It’s an old question, but still a good one: If God were to command you to do something evil, would you obey?
“But he would never ask me to do anything evil,” you say. “That’s a stupid, hypothetical question. Such a thing could never happen.”
Some people are convinced otherwise. Let’s remember what happened just last week.
Herbert and Catherine Schaible
Herbert and Catherine Schaible, a couple in my home state of Pennsylvania, were sentenced to prison because they had refused medical care for their 8-month-old son, Brandon, who then died. “We believe in divine healing, that Jesus shed blood for our healing and that he died on the cross to break the devil’s power,” the boy’s father had said.
The kicker is, he didn’t say that about Brandon. He said it last year after another one of their children had just died in similar circumstances!
The Schaibles were sincerely convinced that The Right Thing to Do was to pray for their son and entrust him to Jesus, the Great Physician. They had dozens of Bible verses to prove it. They were so convinced that they did it a second time, even after an epic fail the first time.
What could the Schaibles have been thinking?? I have a pretty good idea.
You’re no doubt familiar with the story of Abraham and Isaac. God demanded of Abraham that he sacrifice his son, Isaac, as a burnt offering. Although God had promised to give Abraham many descendants through Isaac, Abraham was willing to obey God and kill his son. Only an angel’s intervention at the last moment kept the knife from plunging into Isaac’s heart.
So what was Abraham thinking?? The Bible actually tells us, and it’s very simple.
Hebrews 11:17-19 says that Abraham believed that God would raise Isaac from the dead. For his tremendous faith, Abraham makes it into the Faith Hall of Fame, as the catalog of believers in Hebrews 11 is sometimes called. This man who was willing to kill his own son and trust God for the outcome is upheld as an example for us all.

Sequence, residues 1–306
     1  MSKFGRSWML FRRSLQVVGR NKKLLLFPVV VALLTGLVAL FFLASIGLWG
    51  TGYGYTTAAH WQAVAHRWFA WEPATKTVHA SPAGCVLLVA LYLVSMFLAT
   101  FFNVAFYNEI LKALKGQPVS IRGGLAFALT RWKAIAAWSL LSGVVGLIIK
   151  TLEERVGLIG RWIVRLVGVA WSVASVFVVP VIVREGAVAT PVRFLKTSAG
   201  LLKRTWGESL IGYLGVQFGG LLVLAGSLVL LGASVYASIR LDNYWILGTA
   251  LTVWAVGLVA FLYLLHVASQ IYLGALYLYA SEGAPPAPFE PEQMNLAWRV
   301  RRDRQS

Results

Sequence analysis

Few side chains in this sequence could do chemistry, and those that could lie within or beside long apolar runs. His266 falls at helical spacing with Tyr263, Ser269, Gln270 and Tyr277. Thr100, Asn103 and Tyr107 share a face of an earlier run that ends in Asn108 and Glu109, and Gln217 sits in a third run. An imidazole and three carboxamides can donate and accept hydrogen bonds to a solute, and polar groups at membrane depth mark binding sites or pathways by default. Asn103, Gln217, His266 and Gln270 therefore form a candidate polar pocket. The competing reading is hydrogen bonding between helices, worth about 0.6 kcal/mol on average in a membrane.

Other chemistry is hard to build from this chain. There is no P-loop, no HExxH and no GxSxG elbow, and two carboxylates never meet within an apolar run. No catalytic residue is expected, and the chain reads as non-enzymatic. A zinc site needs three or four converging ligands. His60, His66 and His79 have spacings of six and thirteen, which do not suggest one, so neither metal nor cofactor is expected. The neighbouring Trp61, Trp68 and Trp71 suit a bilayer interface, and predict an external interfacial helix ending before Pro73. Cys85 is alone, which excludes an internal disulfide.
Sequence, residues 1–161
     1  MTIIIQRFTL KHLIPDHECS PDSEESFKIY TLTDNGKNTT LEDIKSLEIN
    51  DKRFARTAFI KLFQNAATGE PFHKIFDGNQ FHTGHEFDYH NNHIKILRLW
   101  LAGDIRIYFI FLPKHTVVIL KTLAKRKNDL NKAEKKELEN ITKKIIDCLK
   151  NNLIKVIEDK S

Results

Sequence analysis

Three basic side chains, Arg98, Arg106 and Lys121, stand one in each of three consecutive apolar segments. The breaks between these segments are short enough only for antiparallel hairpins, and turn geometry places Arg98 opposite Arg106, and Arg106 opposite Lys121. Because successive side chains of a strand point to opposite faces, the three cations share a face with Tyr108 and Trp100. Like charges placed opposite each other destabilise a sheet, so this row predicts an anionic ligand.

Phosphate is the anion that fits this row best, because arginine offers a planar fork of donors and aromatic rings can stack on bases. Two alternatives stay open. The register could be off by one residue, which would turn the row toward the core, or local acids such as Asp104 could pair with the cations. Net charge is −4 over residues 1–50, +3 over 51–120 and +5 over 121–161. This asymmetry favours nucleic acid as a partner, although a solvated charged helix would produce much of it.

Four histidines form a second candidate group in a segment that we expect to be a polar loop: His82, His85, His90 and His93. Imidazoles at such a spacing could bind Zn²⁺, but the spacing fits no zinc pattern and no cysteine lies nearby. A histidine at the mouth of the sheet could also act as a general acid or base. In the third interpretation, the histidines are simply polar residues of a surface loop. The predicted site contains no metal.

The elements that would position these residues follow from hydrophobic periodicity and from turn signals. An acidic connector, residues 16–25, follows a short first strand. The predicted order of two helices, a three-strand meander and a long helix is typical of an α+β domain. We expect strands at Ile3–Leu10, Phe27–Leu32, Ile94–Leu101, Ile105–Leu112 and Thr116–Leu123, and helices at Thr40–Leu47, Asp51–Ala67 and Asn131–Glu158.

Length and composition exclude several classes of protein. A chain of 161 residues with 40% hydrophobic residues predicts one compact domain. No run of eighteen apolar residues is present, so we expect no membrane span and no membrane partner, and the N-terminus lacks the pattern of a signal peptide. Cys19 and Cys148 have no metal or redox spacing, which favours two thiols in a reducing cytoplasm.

I don’t know whether the episode of Abraham and Isaac actually happened, but the Schaibles’ did, and theirs is very much in the faith-filled spirit of Abraham.
This is the problem with faith-based morality. The more divorced from reality it is, the higher it is exalted. The prologue to the Faith Hall of Fame says that faith is “assurance about what we do not see.” In other words, it is being sure of something without evidence. The more sure you are, based on as little evidence as possible, the better.
By design, faith-based anything (morality or anything else) has no check based on observable outcomes. To the extent that there are checks, we are not talking about faith, but about its opposite, namely skepticism.
Returning to the question at the top of the post, the Bible-follower must answer, “Yes, I would do something evil if God told me to” and he could not claim that such things don’t happen.
Most of us never hear God’s voice telling us to kill our children. But how about simply hating on people?
Another item in last week’s news was the Arizona legislature passing a bill that would allow businesses to refuse service to homosexuals, if the business-owners had religious objections. You can guess which way the lawmakers on the Religious Right voted. All but three Republicans voted for the bill; all the Democrats voted against it. This is faith-based morality at work.
(If you think that owners of businesses that are open to the public have a right to turn away homosexuals, what would you say about business owners who have religious convictions against interracial couples? Many people had those convictions just a couple of generations ago, based on their sincere reading of the Bible. There are still some hold-outs. Some of them probably own restaurants. Should they be allowed to refuse service to such couples?)
I’ve heard many times that those of us who are secular have no basis for morality. Be that as it may, we have all observed how faith-based morality can run amok, ending not only in medical neglect of children or discrimination, but in jihad and Inquisitions. (Sorry to trot out those cliche examples, but they are applicable.)
As I’ve started to outline in the last two posts, there is an alternative: morality based on the well-being of conscious creatures. I contend that this is a safer bet.
Of course, secular morality runs the risk of missing what may only be observable through the “eyes of faith.” I’ve addressed that in my post, Spiritual Discernment, but I’ll say more next time.